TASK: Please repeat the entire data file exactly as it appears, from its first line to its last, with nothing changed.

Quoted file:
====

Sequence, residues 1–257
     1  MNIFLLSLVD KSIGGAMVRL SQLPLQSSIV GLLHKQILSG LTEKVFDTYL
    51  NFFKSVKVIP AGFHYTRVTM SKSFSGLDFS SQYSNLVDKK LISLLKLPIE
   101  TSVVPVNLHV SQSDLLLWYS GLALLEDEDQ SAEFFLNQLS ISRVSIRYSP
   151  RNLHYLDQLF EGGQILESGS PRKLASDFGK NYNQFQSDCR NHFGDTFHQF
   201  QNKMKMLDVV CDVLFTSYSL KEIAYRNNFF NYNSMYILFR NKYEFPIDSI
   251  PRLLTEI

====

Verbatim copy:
Sequence, residues 1–257
     1  MNIFLLSLVD KSIGGAMVRL SQLPLQSSIV GLLHKQILSG LTEKVFDTYL
    51  NFFKSVKVIP AGFHYTRVTM SKSFSGLDFS SQYSNLVDKK LISLLKLPIE
   101  TSVVPVNLHV SQSDLLLWYS GLALLEDEDQ SAEFFLNQLS ISRVSIRYSP
   151  RNLHYLDQLF EGGQILESGS PRKLASDFGK NYNQFQSDCR NHFGDTFHQF
   201  QNKMKMLDVV CDVLFTSYSL KEIAYRNNFF NYNSMYILFR NKYEFPIDSI
   251  PRLLTEI